There's also new evidence that high-fat diets can help neurodegenerative disorders such as Alzheimer's and Parkinson's-in fact, in a "broad range of disorders involved with the death of brain cells" (Behav Pharmacol, 2006; 17: 431-9). Conversely, low saturated-fat levels can cause fatigue, poor concen-tration and depression. The reason is thought to be a lack of cholesterol, as the serotonin receptors in the brain need cholesterol to function properly (Br J Psychiatry, 2000; 176: 398-400).
Cholesterol too, like fat, has many other important functions. Far from being an enemy to the body, as conventional thinking holds, choles-terol is a valuable substance made by the body itself. Little of the cholesterol in our blood comes directly from food; most of it is made in the liver. That's because cholesterol strengthens cell membranes and intestinal walls, makes bile, and is vital for hormone and vita-min production. It may even act as an antioxidant and boost immunity.
Small wonder that "people with high cholesterol live the longest," says medical researcher Dr Uffe Ravnskov. "This statement seems incredible, but its truth emerges clearly from many scientific papers-particularly studies of the elderly." One was done by Yale University, and found that old people with high cholesterol had half the number of deaths from heart attack as their low-cholesterol peers (JAMA, 1994; 272: 1335-40).
In another first-class study, doctors from London's Imperial College found that high cholesterol levels protected people with chronic heart failure, leading to dramatic reductions in death rates. "The chance of survival increases by 25 per cent for each mmol/L [38.6 mg/dL] increment in total cholesterol," they reported (J Am Coll Cardiol, 2003; 42: 1933-40).
In Holland, scientists have been studying the 200-year-long records of two families with genetically high levels of cholesterol, and found no increase in deaths compared with those without the condition (BMJ, 2001; 322: 1019-23).
So, is there no connection between heart disease and cholesterol levels? Yes, there is, but the data are not nearly as consistent as the established view makes out, with a substantial minority of clinical studies showing an inverse relationship: less cholesterol, more heart attacks. In fact, over 60 per cent of all heart attacks occur in people with normal cholesterol, and most of those with high cholesterol never suffer heart attacks at all. "Consider the fact that more than 90 per cent of all cardiovascular disease occurs in people above age 60," says Dr Ravnskov, " and that almost all studies have found that high cholesterol is not a risk factor for either women or old people. This means that high cholesterol is only a risk factor for less than 5 per cent of those who die from a heart attack."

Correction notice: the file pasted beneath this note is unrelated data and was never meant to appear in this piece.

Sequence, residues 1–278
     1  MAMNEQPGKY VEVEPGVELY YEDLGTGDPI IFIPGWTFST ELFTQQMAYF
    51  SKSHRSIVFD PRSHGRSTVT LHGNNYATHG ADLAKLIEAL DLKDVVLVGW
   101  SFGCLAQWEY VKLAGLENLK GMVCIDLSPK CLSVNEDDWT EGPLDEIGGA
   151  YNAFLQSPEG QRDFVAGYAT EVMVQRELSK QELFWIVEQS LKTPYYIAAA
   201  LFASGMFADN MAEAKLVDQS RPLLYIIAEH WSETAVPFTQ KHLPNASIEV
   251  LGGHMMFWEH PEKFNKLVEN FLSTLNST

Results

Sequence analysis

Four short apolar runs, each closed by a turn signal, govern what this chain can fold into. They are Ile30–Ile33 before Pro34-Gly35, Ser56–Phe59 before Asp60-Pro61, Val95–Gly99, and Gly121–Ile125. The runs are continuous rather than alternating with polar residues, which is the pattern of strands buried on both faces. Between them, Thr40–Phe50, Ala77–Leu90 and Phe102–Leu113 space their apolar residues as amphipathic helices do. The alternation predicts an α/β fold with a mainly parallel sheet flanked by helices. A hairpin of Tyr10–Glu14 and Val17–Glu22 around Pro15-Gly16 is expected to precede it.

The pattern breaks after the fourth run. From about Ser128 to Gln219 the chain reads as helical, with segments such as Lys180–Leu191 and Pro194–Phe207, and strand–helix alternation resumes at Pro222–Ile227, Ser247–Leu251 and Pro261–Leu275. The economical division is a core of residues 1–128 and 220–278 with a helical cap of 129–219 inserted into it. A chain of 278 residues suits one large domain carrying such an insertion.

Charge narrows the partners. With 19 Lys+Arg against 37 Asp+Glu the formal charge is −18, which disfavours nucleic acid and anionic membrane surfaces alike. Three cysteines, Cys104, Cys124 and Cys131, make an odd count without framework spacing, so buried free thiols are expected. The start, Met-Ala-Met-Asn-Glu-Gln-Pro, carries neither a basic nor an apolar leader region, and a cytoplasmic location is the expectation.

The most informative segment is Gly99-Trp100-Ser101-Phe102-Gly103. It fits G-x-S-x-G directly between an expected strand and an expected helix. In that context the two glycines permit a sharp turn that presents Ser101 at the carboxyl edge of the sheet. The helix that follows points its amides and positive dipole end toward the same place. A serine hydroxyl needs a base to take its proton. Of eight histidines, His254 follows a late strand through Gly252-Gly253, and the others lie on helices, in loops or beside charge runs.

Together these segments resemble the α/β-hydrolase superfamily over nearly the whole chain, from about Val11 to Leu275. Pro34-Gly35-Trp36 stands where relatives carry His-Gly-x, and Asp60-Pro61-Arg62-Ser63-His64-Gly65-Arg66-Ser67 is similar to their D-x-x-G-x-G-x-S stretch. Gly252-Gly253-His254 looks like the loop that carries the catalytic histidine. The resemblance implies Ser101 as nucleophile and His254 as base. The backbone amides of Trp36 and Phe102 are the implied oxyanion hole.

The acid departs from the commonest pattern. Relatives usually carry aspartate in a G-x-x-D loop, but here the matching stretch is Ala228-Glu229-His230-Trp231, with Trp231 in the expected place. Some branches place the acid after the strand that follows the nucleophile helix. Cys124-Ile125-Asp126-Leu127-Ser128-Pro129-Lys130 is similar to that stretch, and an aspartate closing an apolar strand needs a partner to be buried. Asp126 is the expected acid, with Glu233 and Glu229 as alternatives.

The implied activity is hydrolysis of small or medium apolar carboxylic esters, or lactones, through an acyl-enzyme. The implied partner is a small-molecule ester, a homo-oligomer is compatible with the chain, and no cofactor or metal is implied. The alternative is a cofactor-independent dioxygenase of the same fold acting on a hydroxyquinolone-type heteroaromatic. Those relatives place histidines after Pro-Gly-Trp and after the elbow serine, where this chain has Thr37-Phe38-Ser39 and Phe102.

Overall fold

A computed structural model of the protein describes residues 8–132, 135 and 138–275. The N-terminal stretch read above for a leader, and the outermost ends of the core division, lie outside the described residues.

And yet, CHD is increasing, and has been for nearly a century. So, if neither fat nor cholesterol is the culprit, then what is?
A processing problem
Many nutritionists are now pointing the finger at modern processed food. "It's a little known fact that, before 1920, coronary heart disease was rare in developed countries like America," says pioneering nutritionist Dr Mary Enig, of the Weston Price Foundation, "but it rose dramatically over the next 40 years. If, as we have been told, heart disease results from the consumption of saturated fats, one would expect to find a corresponding increase in animal-fat consumption. Actually, the reverse is true. In America, for exam-ple, during the period from 1910 to 1970, there was a significant decline in the proportion of traditional animal fat in the national diet."
Enig has shown that the rise of heart disease corresponds with the intro-duction of polyunsaturated plant oils into foodstuffs. Invented in 1916, margarine was the earliest and best-known example, but thousands of common foods soon followed suit. "One reason the polyunsaturates cause health problems is that they become oxidized when subjected to heat, as in food processing, and produce free rad-icals," says Enig. "These are extremely reactive chemically, causing damage to blood vessels and initiating athero-sclerosis."
The most harmful industrial food-processing technique is thought to be hydrogenation, a procedure designed to transform polyunsaturated plant oils into compounds resembling animal fats (see box, page 8). The problem is that hydrogenated oils contain large quantities of toxic trans fatty acids (TFAs), ubiquitous in processed foods of all kinds.
Enig believes it's not animal fats, but hydrogenated oils and their TFAs that are primarily responsible for the rise in heart disease, a conclusion at least partially endorsed by a recent top-level survey. Nine months ago, researchers at the Harvard School of Public Health reported on their analy-sis of at least a decade's worth of data on trans fats intake and heart disease, and dropped a bombshell on both the food industry and CHD research.
"TFAs have a major role in heart disease," announced survey director Professor Walter Willetts. "The magni-tude of the association with CHD is considerably stronger than for satura-ted fat."
TFAs, he showed, have particularly nasty effects: raising triglycerides and 'bad' LDL cholesterol; reducing 'good' HDL cholesterol; and causing inflam-mation in the arteries-all of which are known to provoke CHD (N Engl J Med, 2006; 354: 1601-13).
What's more, there's now objective physical evidence of the damage TFAs can do to the arteries. In a little-publicized study, British researchers examined the arteries of people who had died of CHD, and found the tell-tale fatty deposits on the artery walls.
But their analyses of these deposits were another blow to the high-fat-CHD theory as it was revealed that the plaques contained no saturated fats at all and hardly any cholesterol, but were filled with masses of polyun-saturated fats and TFAs (Lancet, 1994; 344: 1195-6)-findings that have been confirmed by researchers in Poland (Eur J Nutr, 2004; 43: 313-8).
There's one more crucial piece of the jigsaw. After some painstaking detective work in the heart-disease research archives, Dr Enig discovered that, until the mid-1980s, researchers didn't discriminate between saturated fats and TFAs, lumping them both together in their diet analyses (J Am Coll Nutr, 1990; 9: 471-86). "Thus, histori-cally, natural saturated fats have been tarred with the black brush of un-natural hydrogenated vegetable oils," she says. So, the circle can now be squared, and puzzling paradoxes answered. Why do so many recent studies find no correlation between high saturated-fat intake and CHD, or why do many populations with high fat intakes have such little heart disease? The answer is simple: no TFAs = no CHD . . . QED.